1. SPES: Elucidating the importance of spin-spin interactions as a tool for new approaches in ESR studies of materials
The electron spin represents a sensitive local probe of its environment due to its large magnetic moment (at least 680 times larger than the magnetic moment of a proton) and, thus, experiences strong/weak magnetic couplings with homo-/hetero-spins. These magnetic couplings can be thoroughly studied by electron spin resonance (ESR) spectroscopy. Various magnetic interactions, such as hyperfine, dipolar, exchange or spin-orbit couplings can be exploited to get the information about the structure and dynamics of the material almost in any aggregate state. However, there is another perspective of this issue: the understanding of electron spin interactions in principle allows controlling the magnetic properties of the observed system and tailoring of new multifunctional materials with desired properties, starting from the chemical synthesis. Within this project proposal, technical developments regarding pulsed/high frequency ESR spectrometers will be exploited in order to achieve new insight into the properties of the material under investigation. In parallel, using well-established concepts of ESR spectroscopy, the classical phenomenological description of spin-spin interactions will be re-evaluated so that new theoretical approaches, including new simulation techniques, can be developed.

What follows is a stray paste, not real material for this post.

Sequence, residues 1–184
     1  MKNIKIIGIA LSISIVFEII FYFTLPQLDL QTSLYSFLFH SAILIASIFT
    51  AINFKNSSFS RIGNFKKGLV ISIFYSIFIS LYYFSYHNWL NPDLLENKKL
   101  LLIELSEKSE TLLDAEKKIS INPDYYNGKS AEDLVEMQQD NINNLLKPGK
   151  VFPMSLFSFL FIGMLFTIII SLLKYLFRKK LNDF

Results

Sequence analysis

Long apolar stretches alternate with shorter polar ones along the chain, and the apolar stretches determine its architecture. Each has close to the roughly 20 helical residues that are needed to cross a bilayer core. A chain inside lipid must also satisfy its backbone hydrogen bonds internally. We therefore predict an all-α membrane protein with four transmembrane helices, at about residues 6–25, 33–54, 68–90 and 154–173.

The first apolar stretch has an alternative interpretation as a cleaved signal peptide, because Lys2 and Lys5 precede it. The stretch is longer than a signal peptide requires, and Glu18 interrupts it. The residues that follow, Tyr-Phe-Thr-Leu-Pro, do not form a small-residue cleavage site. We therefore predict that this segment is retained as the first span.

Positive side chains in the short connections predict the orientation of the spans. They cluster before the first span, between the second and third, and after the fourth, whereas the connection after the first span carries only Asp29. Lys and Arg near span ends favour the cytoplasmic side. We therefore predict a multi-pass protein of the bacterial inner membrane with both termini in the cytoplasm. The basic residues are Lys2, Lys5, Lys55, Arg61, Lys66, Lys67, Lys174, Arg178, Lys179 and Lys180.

Therefore, within this project proposal, selected open questions are to be addressed as a research goals:
a) how to control the electron spin decoherence in a solid material when nuclear spin bath dynamics is a determining factor. Here, the hyperfine interaction in terms of nuclear spectral diffusion is the main focus of interest. Experimental model systems in which this channel of electron spin phase memory time decay is dominant will be purposely chosen. Various dynamical decoupling techniques will be applied in order to deduced how the physical state of the solid matrix (glassy or crystalline) could be extracted from the phase memory time experiments;
b) how to describe magnetic interactions and ordering in the crystal structure of molecular magnets (metal-organic frameworks, coordination polymers, transition metal complexes);
c) how to get information about rotational and translational dynamics of paramagnetic molecules in liquid systems by taking fully into account the effects of hyperfine, exchange, and dipolar interactions on their ESR spectra.
These three non-trivial experimental tasks to be performed in amorphous, crystalline and liquid materials aim to extend the current limits of the existing theoretical models of electron spin-spin interactions. The expected goal is to extract as much as possible information from the ESR spectral analyses by proper manipulation and the control of the electron spin states in an ESR experiment and to possibly pave the way to influence the properties/design of materials.